A letter from a reader. He takes issue with the idea expressed in the chart in my last blog that it is not really possible for the tax-take in the UK to go above 37% of GDP. That may have been the case up until now, he says, but given the determination of all parties to tax, tax and tax again, the take will surely go up.
He’s a well-off multi-property owner and can’t see how he can avoid any of the taxes coming his way without disrupting his lifestyle in a way he really doesn’t want to. I see his point.
And it is absolutely true that he will be paying more in tax in the next few years. But not everyone well-off will be. Some will leave. I heard of two non-doms heading elsewhere last week – they don’t want to wait around to “see how this story plays out”.
There won’t be hundreds of thousands of people prepared to leave their UK lives just to pay less tax, but with ill-defined mansion taxes and marginal income rates of 50% or 60%, there will be rather more than Ed Miliband thinks.
And they will be people that, for all the “I’ll drive them to the airport” rhetoric from the nation’s dimmer columnists, we don’t want to lose: let’s not forget that the 1% pay 30% of UK income tax. Those that stay will then work harder on avoidance.
It will be worth the well-paid making more effort to be freelancers or contractors rather than employees, and being paid through personal service companies with all the tax advantages that brings (this isn’t that hard – just ask the BBC).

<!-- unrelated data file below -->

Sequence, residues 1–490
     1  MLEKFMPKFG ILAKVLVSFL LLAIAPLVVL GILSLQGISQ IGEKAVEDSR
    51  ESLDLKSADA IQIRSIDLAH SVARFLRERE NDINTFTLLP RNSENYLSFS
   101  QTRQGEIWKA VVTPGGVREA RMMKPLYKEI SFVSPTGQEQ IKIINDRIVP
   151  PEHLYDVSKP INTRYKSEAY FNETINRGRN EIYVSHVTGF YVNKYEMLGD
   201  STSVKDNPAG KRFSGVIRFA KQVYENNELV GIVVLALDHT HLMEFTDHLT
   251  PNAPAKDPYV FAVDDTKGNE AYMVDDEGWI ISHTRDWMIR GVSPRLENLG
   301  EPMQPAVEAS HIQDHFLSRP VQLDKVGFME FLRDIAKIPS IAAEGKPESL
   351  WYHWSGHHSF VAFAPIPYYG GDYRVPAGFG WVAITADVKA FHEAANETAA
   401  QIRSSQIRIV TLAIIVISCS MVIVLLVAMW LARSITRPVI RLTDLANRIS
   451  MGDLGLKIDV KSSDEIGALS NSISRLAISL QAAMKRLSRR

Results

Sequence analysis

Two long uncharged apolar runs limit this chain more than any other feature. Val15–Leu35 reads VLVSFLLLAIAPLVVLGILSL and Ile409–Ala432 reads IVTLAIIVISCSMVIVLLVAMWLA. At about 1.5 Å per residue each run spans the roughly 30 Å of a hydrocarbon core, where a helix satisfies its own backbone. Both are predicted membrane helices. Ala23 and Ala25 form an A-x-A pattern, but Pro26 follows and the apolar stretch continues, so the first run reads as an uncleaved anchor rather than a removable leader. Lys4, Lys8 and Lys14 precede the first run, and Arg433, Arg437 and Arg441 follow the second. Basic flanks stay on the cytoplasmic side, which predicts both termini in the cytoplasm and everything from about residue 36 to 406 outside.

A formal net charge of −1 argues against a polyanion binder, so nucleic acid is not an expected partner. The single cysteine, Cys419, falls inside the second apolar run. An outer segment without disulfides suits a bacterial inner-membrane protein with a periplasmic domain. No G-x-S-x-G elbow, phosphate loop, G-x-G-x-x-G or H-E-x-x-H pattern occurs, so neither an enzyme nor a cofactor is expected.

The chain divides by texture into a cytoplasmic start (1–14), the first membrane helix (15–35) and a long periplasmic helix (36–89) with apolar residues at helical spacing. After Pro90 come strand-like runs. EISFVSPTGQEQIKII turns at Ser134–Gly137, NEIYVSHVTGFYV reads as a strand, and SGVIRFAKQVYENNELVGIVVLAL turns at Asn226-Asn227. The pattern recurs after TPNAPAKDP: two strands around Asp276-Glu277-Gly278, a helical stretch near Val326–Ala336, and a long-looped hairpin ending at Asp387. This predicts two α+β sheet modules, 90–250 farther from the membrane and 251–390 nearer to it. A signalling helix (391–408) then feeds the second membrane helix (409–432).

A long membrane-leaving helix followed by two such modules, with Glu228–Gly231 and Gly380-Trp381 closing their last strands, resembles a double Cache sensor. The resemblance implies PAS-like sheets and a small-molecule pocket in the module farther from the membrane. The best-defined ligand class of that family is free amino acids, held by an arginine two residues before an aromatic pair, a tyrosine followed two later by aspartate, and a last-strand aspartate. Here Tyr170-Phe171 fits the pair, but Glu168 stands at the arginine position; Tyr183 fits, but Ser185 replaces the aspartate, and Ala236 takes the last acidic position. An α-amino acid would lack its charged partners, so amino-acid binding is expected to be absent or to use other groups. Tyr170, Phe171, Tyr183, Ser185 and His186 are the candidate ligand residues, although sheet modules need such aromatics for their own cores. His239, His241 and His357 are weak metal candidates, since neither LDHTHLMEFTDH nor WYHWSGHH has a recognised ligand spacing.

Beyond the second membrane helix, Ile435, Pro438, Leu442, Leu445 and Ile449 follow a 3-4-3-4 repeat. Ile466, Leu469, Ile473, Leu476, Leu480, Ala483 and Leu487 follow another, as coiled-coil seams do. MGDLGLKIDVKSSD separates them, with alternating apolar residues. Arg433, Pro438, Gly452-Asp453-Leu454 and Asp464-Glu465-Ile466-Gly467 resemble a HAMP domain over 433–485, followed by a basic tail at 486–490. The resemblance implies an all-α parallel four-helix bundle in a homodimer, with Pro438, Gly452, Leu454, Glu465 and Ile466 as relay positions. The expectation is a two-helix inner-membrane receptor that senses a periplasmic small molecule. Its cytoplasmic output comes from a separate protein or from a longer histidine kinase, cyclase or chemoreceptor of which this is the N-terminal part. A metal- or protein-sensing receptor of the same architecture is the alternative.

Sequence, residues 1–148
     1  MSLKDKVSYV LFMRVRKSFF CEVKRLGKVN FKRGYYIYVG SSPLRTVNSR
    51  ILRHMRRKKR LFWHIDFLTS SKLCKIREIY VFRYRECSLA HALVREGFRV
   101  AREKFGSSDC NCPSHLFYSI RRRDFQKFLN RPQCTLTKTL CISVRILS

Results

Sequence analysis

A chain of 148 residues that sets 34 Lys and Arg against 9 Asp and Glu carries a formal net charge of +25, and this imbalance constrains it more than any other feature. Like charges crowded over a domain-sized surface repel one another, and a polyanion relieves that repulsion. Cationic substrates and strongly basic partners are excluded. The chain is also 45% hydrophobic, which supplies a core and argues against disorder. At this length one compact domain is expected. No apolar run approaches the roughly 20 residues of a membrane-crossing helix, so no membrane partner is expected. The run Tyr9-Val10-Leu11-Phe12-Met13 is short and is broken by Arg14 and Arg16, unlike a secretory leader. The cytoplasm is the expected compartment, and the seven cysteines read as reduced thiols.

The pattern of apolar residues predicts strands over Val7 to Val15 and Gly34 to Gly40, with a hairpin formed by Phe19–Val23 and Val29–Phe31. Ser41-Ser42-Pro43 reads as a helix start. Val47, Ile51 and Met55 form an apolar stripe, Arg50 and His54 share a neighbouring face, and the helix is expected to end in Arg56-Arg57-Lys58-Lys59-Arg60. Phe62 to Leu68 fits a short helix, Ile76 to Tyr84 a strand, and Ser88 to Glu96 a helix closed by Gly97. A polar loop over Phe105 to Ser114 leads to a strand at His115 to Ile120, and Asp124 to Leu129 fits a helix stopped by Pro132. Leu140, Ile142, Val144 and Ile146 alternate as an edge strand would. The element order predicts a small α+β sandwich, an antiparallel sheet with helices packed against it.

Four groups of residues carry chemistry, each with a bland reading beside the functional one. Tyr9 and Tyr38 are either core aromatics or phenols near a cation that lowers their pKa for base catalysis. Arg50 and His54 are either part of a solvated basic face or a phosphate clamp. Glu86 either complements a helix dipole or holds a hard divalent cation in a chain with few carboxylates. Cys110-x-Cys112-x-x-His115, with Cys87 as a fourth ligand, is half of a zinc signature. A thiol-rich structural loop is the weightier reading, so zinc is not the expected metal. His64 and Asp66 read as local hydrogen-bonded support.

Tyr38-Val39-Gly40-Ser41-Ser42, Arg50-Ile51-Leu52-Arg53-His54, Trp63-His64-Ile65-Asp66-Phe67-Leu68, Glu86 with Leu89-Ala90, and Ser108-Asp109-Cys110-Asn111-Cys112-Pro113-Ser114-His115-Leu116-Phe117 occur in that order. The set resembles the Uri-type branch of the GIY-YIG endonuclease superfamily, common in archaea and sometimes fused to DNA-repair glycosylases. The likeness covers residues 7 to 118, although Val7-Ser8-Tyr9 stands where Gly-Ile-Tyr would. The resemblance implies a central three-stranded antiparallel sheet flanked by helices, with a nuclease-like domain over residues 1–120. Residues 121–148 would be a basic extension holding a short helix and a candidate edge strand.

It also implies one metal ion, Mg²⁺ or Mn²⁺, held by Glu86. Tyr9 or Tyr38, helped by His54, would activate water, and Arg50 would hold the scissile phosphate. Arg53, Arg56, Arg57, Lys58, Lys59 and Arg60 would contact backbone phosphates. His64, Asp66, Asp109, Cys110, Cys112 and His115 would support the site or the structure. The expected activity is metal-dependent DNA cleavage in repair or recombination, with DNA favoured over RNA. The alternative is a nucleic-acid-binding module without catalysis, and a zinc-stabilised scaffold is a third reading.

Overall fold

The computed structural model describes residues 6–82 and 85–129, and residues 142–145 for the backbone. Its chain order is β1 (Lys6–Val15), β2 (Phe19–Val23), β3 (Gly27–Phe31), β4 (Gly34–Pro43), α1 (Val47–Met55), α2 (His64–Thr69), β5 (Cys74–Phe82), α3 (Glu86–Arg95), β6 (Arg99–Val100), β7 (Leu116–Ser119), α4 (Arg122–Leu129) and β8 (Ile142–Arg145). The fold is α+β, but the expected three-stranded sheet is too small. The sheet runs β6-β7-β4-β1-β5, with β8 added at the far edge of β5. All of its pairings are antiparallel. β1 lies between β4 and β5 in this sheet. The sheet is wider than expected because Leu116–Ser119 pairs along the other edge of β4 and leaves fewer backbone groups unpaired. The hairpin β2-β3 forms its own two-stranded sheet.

There’ll be more work put in to turning capital into income and ordinary income into dividend income. And it will be worth using Isas, Jisas, EIS and SEIS schemes, VCTs and the like even more than it has been up until now, as well as using pensions to hand money on to children (once yours is full, why not fill one for your kids? After all, there is no life-time limit on contributions.).
Financial advisers will be able to make more suggestions on all of this, I am sure. And failing all this, the well-off simply reduce the tax they pay by working less. If you are making £160,000 and someone offers you £4,000 to take on another project, and you know you will only see, say, £1,500 of that (with a 60% rate plus 2% NI), perhaps you won’t bother.
It doesn’t seem fair, and anyway, you’d quite like to spend some time with the kids. The contract then goes to someone in the 40% bracket (or to no one), then the tax take falls accordingly.
All these little things add up. So while the reader mentioned above is likely to pay more in tax, a good many other readers will figure it out somehow so they don’t. And that’s what makes 37% a magic number in the UK. If only our politicians knew.